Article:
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Art in the Colonial Project


Submitted By froggymamaB
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Art in the colonial project
Art played a significant role in the colonial project because of the nature of what was being depicted. Paintings such as the one done by Barker, show a striking image of the times and the underlying meaning being shown through the characters. Certainly it is an image that could stir strong emotion for parties of both sides of the situation. Looking at the painting done by Thomas Jones Barker it is plainly obvious in the positioning of the people where the power lied within the situation. The image shows the African chief kneeling before the queen accepting a bible. This is a very accurate depiction of the circumstances at the time. A Victorian seeing this image would easily be assured of who was in charge at the time. The suggestion would be that the British Empire were spreading their ways among those who were less, and that the opposition was obliged to accept the better British ways. I would not think it would be an easy image by any stretch of the imagination for a Victorian to imagine the positions in the painting swapped. Because the British were so founded in the idea that their ways were better, and that it was their job to educate the rest of the world on how to be as good as they were, a Victorian would have no reason to imagine such a thing. It is notable that the British people were a proud people and it is not too often proud people put themselves in positions where they can imagine being the little man in the situation. The idea that the rest of the world needed saving by the British ideas probably made the idea that the Queen would ever kneel to an African chief laughable. The Queen would have been a familiar source of imperialism because she was the face that others saw to make the decisions. She was far and wide the ruler and the symbol of authority. Aside from the obvious title, the Queen was depicted everywhere. Her face was on money, her name on seals of political demands, and her presence was felt wherever the British forces were to be found. In Barker’s painting there are many men in the room, both behind her and across from her, seemingly overseeing the exchange. Even with the strong masculine presence in the painting she is the strong center object of the portrait. The inferiority of the African in this picture is visually produced in both his posture and costume. His posture shows him not making eye contact and obviously in a lower position than that of the queen accepting her exchange. By his positioning, even a glance at this portrait portrays who held the power in the room. His costume shows his inferiority because of the lack of polish in comparison to the clothing worn by the queen as well as the rest of the room. Even the other members of the exchange are standing and appear to be wearing fine tailored clothing. This suggests that even though he was royalty among his people, he was clearly not “cut from the same cloth” in this situation. I would say this painting does correspond to the themes from this week because is correlates to the ideas introduced in the scramble for Africa. In that discussion we spoke of the British and other nations rushing to colonize and pass on their ways to the natives of those areas. In this case it shows a strong image of the strong British presence and the passing of ideas, of religion specifically in this painting.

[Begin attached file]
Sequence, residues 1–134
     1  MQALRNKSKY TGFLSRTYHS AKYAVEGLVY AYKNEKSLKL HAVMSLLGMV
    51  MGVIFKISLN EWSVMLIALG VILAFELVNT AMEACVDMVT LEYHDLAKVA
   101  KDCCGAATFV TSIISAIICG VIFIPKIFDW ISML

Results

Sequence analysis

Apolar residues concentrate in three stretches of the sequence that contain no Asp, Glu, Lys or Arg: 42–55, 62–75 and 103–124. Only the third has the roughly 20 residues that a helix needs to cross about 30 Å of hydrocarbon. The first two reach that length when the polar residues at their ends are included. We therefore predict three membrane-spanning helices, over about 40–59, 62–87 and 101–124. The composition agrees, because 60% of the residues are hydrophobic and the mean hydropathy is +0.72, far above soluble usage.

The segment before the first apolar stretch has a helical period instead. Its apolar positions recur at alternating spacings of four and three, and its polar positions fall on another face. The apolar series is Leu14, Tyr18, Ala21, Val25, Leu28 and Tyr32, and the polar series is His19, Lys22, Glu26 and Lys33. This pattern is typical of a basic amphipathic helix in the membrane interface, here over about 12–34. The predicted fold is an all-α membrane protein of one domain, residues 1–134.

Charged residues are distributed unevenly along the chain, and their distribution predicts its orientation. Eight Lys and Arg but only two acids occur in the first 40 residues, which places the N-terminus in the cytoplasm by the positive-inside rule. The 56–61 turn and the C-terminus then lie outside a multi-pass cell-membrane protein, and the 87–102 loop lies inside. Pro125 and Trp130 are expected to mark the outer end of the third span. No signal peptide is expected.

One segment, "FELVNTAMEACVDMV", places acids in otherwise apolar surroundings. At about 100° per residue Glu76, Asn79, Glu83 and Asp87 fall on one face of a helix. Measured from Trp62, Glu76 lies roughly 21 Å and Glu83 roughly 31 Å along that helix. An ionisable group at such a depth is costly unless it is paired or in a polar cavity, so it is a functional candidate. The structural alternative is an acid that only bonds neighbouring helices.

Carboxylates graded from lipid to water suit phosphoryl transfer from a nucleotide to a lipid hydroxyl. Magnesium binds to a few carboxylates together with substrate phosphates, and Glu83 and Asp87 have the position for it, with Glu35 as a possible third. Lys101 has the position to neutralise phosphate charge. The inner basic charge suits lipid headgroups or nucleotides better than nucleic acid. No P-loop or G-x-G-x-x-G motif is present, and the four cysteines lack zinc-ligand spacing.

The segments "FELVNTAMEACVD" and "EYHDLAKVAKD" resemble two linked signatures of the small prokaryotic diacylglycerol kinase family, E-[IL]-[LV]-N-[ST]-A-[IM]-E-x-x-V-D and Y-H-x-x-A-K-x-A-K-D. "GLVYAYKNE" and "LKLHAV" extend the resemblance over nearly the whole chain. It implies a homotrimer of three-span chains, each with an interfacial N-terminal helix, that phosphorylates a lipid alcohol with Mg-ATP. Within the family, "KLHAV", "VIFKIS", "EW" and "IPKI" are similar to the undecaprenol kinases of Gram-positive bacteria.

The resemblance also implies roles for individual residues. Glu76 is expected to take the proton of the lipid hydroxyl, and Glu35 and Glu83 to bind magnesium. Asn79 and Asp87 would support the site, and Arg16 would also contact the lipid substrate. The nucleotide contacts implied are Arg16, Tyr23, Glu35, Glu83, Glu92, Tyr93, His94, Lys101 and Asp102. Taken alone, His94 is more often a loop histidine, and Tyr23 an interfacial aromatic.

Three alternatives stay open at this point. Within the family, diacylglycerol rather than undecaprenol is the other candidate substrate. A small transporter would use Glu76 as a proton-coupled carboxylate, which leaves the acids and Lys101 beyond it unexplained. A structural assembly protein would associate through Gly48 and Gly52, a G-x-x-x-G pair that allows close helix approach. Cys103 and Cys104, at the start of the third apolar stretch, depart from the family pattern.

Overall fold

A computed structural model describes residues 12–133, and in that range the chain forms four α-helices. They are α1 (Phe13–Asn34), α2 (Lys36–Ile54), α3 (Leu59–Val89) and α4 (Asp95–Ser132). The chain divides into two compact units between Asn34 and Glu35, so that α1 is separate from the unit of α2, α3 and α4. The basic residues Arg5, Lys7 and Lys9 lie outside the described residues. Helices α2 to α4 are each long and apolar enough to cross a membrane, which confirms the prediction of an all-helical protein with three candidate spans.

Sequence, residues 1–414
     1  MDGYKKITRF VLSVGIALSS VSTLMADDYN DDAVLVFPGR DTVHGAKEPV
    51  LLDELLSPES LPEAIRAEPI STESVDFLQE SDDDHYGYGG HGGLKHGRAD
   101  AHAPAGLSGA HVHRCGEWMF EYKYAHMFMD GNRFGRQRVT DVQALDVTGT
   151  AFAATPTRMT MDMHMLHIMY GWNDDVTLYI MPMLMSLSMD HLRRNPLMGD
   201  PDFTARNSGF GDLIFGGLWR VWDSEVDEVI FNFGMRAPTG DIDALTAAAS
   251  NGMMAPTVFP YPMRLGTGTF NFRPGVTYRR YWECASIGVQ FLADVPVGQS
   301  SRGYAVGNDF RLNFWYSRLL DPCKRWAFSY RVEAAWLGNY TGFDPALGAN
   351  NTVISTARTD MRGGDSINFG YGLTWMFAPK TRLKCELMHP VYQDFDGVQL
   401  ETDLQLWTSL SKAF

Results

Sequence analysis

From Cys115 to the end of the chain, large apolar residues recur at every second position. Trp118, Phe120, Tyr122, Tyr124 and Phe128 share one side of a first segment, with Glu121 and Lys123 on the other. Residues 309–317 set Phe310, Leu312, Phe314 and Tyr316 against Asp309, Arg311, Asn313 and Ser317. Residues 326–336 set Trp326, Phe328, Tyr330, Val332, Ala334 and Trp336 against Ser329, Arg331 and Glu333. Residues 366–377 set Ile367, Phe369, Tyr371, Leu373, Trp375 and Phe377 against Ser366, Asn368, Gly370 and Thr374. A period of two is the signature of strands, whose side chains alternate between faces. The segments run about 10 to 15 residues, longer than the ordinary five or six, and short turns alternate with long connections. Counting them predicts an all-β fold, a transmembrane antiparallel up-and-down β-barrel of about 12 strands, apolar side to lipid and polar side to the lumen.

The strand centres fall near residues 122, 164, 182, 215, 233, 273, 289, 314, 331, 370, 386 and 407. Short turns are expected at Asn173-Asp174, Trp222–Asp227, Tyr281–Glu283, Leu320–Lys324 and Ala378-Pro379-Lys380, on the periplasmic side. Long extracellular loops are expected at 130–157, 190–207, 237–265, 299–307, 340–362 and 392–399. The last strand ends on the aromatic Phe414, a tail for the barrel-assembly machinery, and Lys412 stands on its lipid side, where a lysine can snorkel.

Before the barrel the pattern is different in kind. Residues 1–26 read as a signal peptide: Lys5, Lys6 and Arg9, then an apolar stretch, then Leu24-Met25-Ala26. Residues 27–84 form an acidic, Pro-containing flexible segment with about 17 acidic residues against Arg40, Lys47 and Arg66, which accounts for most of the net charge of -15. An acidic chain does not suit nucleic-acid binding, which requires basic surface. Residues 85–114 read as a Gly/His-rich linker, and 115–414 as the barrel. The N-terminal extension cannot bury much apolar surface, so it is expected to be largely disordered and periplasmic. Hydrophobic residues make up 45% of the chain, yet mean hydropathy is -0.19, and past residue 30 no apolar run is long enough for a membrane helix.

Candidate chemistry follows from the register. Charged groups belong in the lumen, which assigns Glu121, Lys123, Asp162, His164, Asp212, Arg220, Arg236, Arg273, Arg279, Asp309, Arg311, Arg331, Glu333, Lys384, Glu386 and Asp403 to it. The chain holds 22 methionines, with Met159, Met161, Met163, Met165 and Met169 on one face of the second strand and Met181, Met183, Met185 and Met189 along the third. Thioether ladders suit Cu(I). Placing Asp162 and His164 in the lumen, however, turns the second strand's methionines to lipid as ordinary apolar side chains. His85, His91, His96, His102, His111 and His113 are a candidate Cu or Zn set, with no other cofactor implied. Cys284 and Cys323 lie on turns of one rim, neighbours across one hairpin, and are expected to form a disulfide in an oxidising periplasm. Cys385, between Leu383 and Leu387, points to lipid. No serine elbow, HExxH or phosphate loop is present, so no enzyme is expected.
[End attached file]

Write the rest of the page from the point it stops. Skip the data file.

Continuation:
Art definitely played a significant role in the colonial project due to the strong accurate images it presented to people. Barker’s painting is a profound one because of the accurate depiction of power and the striking image of the chief kneeling. Certainly it is an image that could stir strong emotion for parties of both sides of the situation. It is an image that sticks out strongly because it gives a situation that is hard to perceive normally a physical image for people to hold onto.

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